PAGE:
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All government is local 2.0: manor.govfresh

Manor, a small town in Texas a few miles from Austin, has become an unlikely star player in the new world of “Government 2.0.” This week Manor and GovFresh, an organization that provides news and information about technology innovation in government, joined forces to host a conference on “big ideas for local America.” The conference highlighted the work Manor, nearby DeLeon, and other small governments in the U.S. are doing to incorporate social media and open data approaches to provide better information and services to citizens, and to engage them more effectively. This is part of an open government trend that’s been brewing since the 1990s, but is catching fire with pervasive Internet adoption and digital convergence.

When Obama was President-Elect, Gary Chapman at the LBJ School in Austin spoke to a local community media summit and told how the Obama Transition Team had been working with the LBJ School on government transparency, with Open Government as the new administrations highest priority. Beth Noveck, Assistant to the White House CTO, was in Manor affirming that priority – the Obama Administration is providing leadership from the top.

In the last 5 years or so, as we’ve seen an acceleration of digital convergence and increasingly pervasive use of smart digital devices to access all sorts of information, we’ve seen a disruptive democratization of knowledge and information and demand for all sorts of data to be opened up via application programming interfaces. The world’s information is increasingly sorted, sifted, and combined in various useful and creative ways. This is transforming the worlds of journalism, healthcare, energy, and law as well as politics and government. The Manor gathering was an acknowledgement and update. Janet Gilmore of the Texas Department of Information Resources noted that there’s an open data movement within governments – and governments have all sorts of data sets they can expose – about weather, wildlife, real estate, income flows, resource locations, etc.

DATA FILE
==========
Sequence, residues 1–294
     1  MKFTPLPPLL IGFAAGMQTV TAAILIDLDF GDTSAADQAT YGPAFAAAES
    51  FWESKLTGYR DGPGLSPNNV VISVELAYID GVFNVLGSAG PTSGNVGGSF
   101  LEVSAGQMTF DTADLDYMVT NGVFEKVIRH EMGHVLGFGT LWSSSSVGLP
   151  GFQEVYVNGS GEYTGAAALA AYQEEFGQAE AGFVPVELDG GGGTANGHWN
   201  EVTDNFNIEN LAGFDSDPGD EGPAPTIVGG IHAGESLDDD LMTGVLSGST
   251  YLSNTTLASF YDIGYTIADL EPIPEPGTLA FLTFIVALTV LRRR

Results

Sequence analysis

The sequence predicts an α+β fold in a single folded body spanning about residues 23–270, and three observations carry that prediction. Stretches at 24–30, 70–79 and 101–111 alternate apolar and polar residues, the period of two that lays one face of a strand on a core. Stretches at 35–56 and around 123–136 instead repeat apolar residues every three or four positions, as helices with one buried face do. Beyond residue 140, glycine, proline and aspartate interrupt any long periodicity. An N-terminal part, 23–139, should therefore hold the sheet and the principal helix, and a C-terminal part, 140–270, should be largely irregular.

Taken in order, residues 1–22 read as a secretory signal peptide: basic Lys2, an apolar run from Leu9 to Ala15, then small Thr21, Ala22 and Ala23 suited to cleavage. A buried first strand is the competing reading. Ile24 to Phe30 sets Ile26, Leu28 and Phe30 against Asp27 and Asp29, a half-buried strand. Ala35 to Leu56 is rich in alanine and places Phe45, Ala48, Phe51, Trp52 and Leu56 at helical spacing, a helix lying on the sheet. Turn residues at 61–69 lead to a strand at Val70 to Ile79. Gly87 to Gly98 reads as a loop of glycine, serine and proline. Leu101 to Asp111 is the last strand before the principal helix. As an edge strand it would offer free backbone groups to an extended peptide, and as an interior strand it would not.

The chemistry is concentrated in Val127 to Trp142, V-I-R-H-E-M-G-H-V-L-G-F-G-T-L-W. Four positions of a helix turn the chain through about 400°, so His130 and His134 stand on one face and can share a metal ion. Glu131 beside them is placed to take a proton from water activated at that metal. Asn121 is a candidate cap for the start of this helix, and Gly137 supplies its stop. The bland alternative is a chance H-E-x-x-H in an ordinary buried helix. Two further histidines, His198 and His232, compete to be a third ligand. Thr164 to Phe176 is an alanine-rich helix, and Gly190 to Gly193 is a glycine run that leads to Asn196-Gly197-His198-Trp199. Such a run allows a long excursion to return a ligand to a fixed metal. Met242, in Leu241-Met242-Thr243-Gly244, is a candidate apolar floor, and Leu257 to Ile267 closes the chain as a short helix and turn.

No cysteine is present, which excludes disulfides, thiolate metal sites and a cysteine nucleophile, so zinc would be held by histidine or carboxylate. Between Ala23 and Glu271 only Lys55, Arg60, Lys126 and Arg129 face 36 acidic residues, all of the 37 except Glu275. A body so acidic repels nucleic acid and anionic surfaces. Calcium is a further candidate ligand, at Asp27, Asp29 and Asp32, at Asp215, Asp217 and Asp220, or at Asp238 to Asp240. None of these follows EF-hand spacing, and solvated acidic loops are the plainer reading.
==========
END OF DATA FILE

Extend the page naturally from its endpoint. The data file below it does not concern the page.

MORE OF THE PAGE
There’s also a huge potential for government at all levels to use social media to engage citizens – not just to get the word out about what government is doing, but listening to citizen input on what government should be doing. The message I heard in Manor is that people don’t want to talk about doing cool and innovative stuff with emerging technologies, they want to stop talking and start doing. And there’s so many easy ways to start doing: WordPress sites, 311 systems, Facebook and Twitter presences, QR codes, mobile applications… a list as long as crowdsourced minds can make it. Manor is soliciting ideas and conceiving new ways to incorporate technologies via its Labs, in partnership with Stanford Univeresity’s Peace Dot Program and others.

There are many challenges to opening up government, not the least of which is culture. Someone at the Manor gathering commented that “the technology is easy, but the people are hard.” That speaks to all sorts of challenges – training and adoption, privacy issues, culture change, apathy, control. But we’re on kind of a roll here, and picking up momentum and energy.

On January 28th and 29th, there will be a Texas Government 2.0 Barcamp at the Eastview Campus of Austin Community College. Watch this space for more information.

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